12.3 Water as an Acid; Water as a Base
12.4 Strong Acids and Bases
12.5 pH and pOH Scales
12.6 Weak Acids and Bases
12.7 Acid-Base Titrations
12.8 Buffers
Chapter 13 Equilibrium
13.1 Reaction Rates
13.2 Chemical Equilibrium
13.3 Equilibrium Constants
13.4 Factors that Affect Equilibrium
Chapter 14 Organic Chemistry
14.1 Why Carbon is Different
14.2 Hydrocarbons
14.3 Isomers
14.4 Functional Groups
14.5 Alcohols and Ethers
14.6 Aldehydes & Ketones
14.7 Carboxylic Acids and Esters
14.8 Amines and Amides
14.9 Polymers
Chapter 15 Biochemistry
15.1 Biologically Important Molecules
15.2 Lipids
15.3 Proteins
15.4 Carbohydrates
15.5 Nucleic Acids
Chapter 16 Nuclear Chemistry
16.1 Radioactive Decay
16.2 Detection of Radiation and its Biological Effects
16.3 Dating using Radioactive Decay
16.4 Medical Applications of Radioactivity
16.5 Nuclear Fission and Nuclear Fusion
Chapter 17 Electrochemistry
17.1 Balancing Oxidation-Reduction Reactions using the Half-Reaction Method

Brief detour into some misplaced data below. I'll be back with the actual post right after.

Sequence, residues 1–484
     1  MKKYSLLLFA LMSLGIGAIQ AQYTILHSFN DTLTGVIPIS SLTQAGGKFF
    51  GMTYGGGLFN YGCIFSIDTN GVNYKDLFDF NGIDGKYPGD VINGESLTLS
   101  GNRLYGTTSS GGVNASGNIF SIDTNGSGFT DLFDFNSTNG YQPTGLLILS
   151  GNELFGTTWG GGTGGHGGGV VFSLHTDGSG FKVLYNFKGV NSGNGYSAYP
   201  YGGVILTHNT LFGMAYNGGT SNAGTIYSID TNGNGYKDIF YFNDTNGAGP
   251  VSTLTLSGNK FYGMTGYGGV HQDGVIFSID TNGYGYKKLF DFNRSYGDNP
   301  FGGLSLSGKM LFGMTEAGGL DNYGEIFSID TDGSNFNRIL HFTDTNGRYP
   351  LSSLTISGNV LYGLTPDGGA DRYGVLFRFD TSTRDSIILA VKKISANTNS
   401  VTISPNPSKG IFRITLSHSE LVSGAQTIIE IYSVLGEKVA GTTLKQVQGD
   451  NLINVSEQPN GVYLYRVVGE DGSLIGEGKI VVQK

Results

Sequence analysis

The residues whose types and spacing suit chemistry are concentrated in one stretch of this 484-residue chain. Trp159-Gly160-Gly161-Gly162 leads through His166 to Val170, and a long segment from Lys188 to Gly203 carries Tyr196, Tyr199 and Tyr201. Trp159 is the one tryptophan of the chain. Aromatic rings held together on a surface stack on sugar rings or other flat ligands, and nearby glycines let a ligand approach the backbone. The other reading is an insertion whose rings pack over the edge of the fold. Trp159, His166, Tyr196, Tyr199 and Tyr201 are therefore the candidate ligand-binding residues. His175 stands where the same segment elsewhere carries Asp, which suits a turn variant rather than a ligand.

17.2 Batteries
17.3 Corrosion
17.4 Electrolysis
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About the Author

Julia Burdge

Dr. Julia Burdge did most of her undergraduate work at Iowa State University, completing her bachelor’s degree and Master’s degree in inorganic chemistry at the University of South Florida in Tampa. She earned her Ph.D. in analytical chemistry at the University of Idaho. Her Master’s and doctoral research involved the development of chemotherapeutic analogs of cisplatin and the development of instruments and methods for measuring ultra-trace concentrations of atmospheric sulfur compounds. Over the past 20 years, she has taught introductory and advanced courses in every division of the undergraduate chemistry curriculum, as well as interdisciplinary courses. She also developed and taught a new introductory chemistry course for pre-service science teachers, and initiated and served as a mentor in a future faculty development program for graduate students and post-doctoral associates. She is currently affiliated with the University of Idaho.

Michelle Driessen